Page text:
October 30, 2012
I recently listed co-founder asymmetry as one of the key failure conditions for startups. While definitely a major cause of startup collapse, there is one scenario where co-founder asymmetry can work well enough: university spin-outs where you have student-professor partnership. Students don’t have the expertise and seniority of their professors, but typically have far more hours to put into a venture. For this kind of relationship to work it is important that the expertise provided by the faculty member truly offsets the higher workload of the student. Just being a professor of high status isn’t enough (even if many professors would like to think so). Execution is king, so the high workload student has an intrinsic advantage in the value creation “competition”.
Professors likely have higher technical skill and prestige than their students but just having those isn’t enough. They need to find a way to inject these values into the start-up. Technology-wise, the professor has to be an innovation engine for the startup to offset the often relatively modest workload impact. Similarly, the prestige of the professor needs to translate into tangible opening of doors and recruitment of advisors. Both of these contributions also need to be maintained over time. Once a startup leaves campus it takes a certain kind of professor to remain deeply involved in an innovation function. Even rarer are professors that are able to continue to have a profound impact on the business side of the startup, through strategic guidance and door-opening. If this sounds demanding, consider the fact that the student co-founder is probably working 80-100 hours per week for her co-founding stake.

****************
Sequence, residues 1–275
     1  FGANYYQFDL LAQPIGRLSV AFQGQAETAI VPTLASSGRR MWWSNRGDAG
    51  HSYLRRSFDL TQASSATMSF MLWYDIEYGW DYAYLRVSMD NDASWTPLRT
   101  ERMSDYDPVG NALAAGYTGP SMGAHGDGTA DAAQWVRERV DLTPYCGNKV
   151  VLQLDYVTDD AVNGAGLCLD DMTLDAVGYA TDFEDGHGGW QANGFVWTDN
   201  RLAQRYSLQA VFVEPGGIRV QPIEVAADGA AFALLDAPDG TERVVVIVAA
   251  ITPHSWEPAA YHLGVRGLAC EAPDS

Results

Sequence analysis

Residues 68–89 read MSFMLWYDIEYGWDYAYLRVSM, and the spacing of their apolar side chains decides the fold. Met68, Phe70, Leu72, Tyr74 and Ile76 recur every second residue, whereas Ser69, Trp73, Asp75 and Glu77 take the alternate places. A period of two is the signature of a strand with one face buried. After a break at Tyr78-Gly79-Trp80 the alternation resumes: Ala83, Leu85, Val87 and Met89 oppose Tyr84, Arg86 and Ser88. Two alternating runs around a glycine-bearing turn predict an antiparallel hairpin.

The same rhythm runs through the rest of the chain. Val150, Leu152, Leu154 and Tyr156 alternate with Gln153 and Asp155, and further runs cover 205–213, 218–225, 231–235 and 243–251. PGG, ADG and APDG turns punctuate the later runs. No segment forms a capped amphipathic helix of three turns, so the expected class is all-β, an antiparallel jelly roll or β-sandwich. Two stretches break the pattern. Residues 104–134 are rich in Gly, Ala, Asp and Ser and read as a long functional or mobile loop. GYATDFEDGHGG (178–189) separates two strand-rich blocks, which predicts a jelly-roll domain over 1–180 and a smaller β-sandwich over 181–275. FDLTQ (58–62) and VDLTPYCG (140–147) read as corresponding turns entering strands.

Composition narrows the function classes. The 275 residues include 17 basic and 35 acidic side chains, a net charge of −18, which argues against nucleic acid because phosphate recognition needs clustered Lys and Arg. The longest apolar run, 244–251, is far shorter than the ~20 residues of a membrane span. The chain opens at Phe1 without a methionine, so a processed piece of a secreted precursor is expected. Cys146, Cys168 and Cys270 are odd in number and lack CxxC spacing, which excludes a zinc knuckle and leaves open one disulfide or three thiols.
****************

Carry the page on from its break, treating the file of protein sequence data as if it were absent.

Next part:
I had the privilege of founding a company with a professor who truly made all these contributions and more. Himself a serial entrepreneur and inventor of over 100 patents, he brought deep expertise to the game and had a profound impact on the company. At the same time, I have seen many student-professor founding teams that don’t balance at all. Often, those are primarily on the institutionally determined hierarchical relationship. Even if that relationship works during the first few months of the startup, as the startup gears up the professor will ultimately become an over-compensated co-founder which is almost guaranteed to lead to trouble down the road. University startups in particular need to be prepared in advance to for these shifts in co-founder dynamics. A good choice is to reverse-vest founding shares at specific levels of impact (e.g. full involvement, advisory services, no contribution). Alternatively, the startup can issue fixed founder shares to all but then create a large additional incentive grant to operational co-founders.